Implications for Australian interest rates
The directional relationship between the US and Australian interest rates weakened long ago. The RBA started raising rates in 2009 when the Fed held at zero, it was easing in 2016 when the Fed was hiking and this year it started cutting ahead of the Fed. So just because the Fed moves doesn’t mean the RBA will as well! On the one hand the Fed’s easing along with stimulus elsewhere globally should help support global growth which is good for Australia. But it’s probably not enough to change the outlook for the RBA. Our view remains that it’s on track to cut the cash rate to 0.5% by early next year and to some degree the Fed cutting too reinforces that to the extent that the RBA would like to keep the Australian dollar down.
What about the role of President Trump?
President Trump has been highly critical of Fed rate hikes over the past year and has been saying they should be cutting in recent times. Of course, presidents and prime ministers usually prefer lower than higher rates but the issue, in this case, has been more around whether his comments represent a threat to the Fed’s independence, which is necessary to ensure sensible monetary policy as opposed to politically driven moves. In a world of increasing populism, this could become more of an issue. In terms of the role he may have played in the Fed’s latest decision it’s likely that the Fed has made up its own mind but it’s also interesting to note that President Trump’s huge fiscal easing last year likely played a role in Fed hikes last year and now his escalating trade war has played a role in its easing! So, one way or another he had an impact.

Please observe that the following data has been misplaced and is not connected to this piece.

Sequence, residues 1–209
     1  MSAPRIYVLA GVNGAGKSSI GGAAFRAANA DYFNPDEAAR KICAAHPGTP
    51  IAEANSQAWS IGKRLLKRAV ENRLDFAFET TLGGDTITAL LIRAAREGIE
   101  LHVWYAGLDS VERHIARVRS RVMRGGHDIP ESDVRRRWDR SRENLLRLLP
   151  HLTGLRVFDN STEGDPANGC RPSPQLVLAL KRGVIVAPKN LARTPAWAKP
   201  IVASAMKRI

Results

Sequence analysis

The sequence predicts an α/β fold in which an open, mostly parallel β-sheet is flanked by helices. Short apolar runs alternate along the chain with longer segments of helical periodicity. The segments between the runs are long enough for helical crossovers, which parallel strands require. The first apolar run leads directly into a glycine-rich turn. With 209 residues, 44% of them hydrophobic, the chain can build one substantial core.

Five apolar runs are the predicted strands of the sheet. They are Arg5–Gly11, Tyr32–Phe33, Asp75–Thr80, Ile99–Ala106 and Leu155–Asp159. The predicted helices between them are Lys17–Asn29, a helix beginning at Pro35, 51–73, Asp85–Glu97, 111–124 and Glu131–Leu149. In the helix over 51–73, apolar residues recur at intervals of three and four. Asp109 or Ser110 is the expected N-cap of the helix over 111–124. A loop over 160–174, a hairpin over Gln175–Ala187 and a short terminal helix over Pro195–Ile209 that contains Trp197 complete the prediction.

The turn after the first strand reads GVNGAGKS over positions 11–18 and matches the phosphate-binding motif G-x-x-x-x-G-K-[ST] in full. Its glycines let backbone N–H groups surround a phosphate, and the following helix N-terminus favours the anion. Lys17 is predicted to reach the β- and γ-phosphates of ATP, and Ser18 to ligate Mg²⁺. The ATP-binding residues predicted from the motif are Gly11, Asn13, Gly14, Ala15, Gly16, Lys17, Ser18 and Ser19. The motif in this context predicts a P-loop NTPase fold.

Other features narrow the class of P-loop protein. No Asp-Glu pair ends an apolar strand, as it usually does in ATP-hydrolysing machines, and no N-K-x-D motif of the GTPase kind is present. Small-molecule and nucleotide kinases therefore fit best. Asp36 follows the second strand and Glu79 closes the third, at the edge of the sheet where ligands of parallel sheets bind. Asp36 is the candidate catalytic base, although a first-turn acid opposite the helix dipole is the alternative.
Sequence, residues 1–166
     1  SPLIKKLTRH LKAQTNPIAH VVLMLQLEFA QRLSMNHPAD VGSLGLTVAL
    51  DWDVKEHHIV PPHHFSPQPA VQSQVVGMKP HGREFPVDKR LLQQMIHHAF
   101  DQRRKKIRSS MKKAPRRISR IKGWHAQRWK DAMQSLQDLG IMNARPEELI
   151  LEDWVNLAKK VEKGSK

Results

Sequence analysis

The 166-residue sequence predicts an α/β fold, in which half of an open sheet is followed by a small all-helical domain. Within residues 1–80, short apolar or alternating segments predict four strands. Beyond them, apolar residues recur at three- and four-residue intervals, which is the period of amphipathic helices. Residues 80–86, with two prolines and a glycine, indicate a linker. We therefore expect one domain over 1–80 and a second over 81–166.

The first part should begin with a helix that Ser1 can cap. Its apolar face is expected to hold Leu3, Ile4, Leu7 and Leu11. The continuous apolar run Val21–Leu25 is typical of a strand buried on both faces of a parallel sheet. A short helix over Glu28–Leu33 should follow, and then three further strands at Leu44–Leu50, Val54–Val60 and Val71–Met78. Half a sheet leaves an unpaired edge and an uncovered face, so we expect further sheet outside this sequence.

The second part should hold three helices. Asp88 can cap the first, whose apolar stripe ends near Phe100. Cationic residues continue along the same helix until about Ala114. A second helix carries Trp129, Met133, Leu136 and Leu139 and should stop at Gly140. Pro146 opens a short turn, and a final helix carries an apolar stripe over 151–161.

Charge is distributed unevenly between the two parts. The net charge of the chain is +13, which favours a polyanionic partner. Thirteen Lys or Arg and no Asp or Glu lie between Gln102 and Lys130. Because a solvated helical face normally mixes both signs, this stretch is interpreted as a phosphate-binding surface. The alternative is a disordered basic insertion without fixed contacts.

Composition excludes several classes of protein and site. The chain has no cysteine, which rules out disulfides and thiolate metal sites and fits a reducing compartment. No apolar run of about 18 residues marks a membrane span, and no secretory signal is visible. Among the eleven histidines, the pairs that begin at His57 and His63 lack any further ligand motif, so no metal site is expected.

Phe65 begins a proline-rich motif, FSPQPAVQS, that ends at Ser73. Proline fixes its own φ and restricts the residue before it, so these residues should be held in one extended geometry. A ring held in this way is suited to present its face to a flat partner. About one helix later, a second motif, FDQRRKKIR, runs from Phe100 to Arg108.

If you would like to discuss any of the issues raised by Dr Oliver, please call on 1300 882 166 or email firstname.lastname@example.org.
Author: Dr Shane Oliver, Head of Investment Strategy and Chief Economist
Source: AMP Capital 01 August 2019